What do Vishwanath Pratap Singh and Amitabh Bachchan have in common -- apart from the Allahabad and poetry connections, that is? Like the Angry Young Man who, after some years in the wilderness, successfully managed to transform himself into an embodiment of respect, Mr Singh is desperately seeking to reinvent himself as some sort of Big VP. If eyebrows were raised earlier this week when Mulayam Singh Yadav dropped by at the bash hosted by Ramvilas Paswan to celebrate the Mandal Messiah’s 75th birthday, they had reasons to be raised. Mr Singh has resuscitated the Jan Morcha, the forum he had founded in 1987 when he left the Congress, just in time for the UP assembly elections early next year. But this time round, with the help of Mr Paswan’s LJP, the CPI, the RSP, the Forward Bloc and other political bric-a-brac, Mr Singh is planning to take on the might of the Samajwadi Party.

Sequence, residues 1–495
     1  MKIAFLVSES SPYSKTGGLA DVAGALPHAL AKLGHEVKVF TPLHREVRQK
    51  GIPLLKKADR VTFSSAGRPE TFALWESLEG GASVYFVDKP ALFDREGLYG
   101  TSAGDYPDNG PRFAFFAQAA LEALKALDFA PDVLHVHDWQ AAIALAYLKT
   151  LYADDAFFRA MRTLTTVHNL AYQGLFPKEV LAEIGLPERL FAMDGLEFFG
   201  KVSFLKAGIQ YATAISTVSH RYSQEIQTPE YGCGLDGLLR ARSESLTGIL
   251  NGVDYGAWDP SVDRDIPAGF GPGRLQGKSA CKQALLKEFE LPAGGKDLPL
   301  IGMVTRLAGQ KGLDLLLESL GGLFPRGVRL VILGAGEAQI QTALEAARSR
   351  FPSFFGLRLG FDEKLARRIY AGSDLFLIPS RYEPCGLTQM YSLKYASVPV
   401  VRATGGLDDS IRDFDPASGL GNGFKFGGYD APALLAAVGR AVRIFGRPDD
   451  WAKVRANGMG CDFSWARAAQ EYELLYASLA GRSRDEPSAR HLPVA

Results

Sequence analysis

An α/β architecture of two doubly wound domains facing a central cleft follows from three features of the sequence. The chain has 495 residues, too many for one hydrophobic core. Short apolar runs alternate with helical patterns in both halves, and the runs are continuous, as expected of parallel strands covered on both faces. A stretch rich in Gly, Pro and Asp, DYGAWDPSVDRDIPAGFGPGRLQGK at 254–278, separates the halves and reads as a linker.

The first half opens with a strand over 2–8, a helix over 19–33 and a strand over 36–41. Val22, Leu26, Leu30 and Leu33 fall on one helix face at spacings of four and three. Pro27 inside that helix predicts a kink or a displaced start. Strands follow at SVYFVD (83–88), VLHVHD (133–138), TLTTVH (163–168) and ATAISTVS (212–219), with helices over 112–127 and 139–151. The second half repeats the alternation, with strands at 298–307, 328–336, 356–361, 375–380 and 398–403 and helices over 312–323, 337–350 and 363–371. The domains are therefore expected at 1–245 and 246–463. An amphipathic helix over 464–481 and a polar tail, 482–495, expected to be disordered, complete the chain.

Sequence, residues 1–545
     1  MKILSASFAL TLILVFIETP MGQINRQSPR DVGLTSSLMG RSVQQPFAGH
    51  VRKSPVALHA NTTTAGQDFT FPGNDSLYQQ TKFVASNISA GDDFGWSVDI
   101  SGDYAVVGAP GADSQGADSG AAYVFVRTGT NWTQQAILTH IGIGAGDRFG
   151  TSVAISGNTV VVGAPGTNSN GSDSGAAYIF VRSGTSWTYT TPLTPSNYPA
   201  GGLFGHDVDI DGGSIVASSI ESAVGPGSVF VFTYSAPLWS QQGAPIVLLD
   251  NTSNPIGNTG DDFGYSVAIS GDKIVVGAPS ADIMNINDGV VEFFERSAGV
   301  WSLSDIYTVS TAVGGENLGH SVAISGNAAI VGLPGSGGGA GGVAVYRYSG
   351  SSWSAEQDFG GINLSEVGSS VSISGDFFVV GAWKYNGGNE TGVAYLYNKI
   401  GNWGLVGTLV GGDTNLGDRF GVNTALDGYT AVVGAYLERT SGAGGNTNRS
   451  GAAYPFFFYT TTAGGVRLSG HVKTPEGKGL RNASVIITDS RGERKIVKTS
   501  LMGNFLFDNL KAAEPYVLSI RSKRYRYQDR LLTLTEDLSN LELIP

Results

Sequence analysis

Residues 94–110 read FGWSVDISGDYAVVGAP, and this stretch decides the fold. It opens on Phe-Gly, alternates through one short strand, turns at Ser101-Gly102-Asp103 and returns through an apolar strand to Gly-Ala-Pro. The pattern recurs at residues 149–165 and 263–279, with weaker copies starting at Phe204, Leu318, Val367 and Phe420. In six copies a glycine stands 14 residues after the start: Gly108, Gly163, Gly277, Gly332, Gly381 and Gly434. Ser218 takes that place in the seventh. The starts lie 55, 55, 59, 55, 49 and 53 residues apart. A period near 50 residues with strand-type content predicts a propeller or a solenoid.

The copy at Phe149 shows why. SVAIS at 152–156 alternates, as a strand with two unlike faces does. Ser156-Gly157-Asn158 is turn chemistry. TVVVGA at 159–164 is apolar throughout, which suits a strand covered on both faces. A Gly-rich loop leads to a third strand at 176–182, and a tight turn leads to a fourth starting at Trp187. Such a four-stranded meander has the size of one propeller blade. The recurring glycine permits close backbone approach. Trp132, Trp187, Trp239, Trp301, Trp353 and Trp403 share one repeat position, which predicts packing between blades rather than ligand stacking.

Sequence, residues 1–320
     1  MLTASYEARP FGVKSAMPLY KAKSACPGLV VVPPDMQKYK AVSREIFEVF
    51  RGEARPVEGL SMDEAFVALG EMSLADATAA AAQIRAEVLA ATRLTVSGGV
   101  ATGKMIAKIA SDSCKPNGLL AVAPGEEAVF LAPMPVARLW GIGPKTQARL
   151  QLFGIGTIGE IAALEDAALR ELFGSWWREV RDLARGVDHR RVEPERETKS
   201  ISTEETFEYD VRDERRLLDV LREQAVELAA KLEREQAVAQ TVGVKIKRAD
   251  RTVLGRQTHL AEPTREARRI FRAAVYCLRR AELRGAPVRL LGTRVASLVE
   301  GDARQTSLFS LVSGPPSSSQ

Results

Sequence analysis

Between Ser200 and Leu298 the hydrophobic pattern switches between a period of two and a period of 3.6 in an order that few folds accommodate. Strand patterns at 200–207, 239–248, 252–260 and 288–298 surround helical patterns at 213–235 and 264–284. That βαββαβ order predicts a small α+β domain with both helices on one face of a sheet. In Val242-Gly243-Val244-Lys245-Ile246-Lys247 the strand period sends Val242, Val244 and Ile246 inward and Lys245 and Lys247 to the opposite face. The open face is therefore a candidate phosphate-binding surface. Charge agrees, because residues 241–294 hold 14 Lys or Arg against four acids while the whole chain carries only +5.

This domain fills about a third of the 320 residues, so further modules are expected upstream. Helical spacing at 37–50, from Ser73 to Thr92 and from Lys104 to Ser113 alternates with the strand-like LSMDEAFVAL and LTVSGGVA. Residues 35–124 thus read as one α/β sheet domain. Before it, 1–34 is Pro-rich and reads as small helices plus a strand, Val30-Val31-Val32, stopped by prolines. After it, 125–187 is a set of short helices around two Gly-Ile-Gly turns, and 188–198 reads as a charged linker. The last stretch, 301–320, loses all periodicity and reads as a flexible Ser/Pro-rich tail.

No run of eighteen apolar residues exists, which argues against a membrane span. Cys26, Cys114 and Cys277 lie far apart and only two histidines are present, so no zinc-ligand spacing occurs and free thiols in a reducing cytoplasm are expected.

That the man who invented ‘Bofors’ is getting chummy with the Congress is plain to see. It wouldn’t be a great exaggeration to state that his Jan Morcha: The Sequel is not so much a manifestation of that rumour called the Third Front but a front for the Congress. With the SP and the BSP walking away with the caste-baby, Mr Singh has been reduced to a social justice totem pole for some time. He figures that he’ll have one last shot at reclaiming his ‘parenthood’ before UP votes. But the real problem with Mr Singh is that no one -- least of all, the voters -- know what he stands for. The man who returned to politics after beating serious health problems is yet to be known for any particular gameplan, having leapfrogged from one cause to another -- whether it is rehabilitation of jhuggi-jhopri oustees or concern for farmers. Getting a journalist to write his memoirs (ironically titled Manzil Se Zyada Safar, or The Journey More Than the Destination) and to let out tidbits about other political leaders (Atal Bihari Vajpayee wanting to float a party after being disappointed with the BJP, Sonia Gandhi turning down Prime Ministership because of security reasons, etc) do not a political manifesto make. Perhaps Mr Singh’s future lies in quiet contemplation or in writing poetry or in painting. The rough and tumble of post-Mandal UP politics circa 2007 may leave him seriously hankering for a Third Front.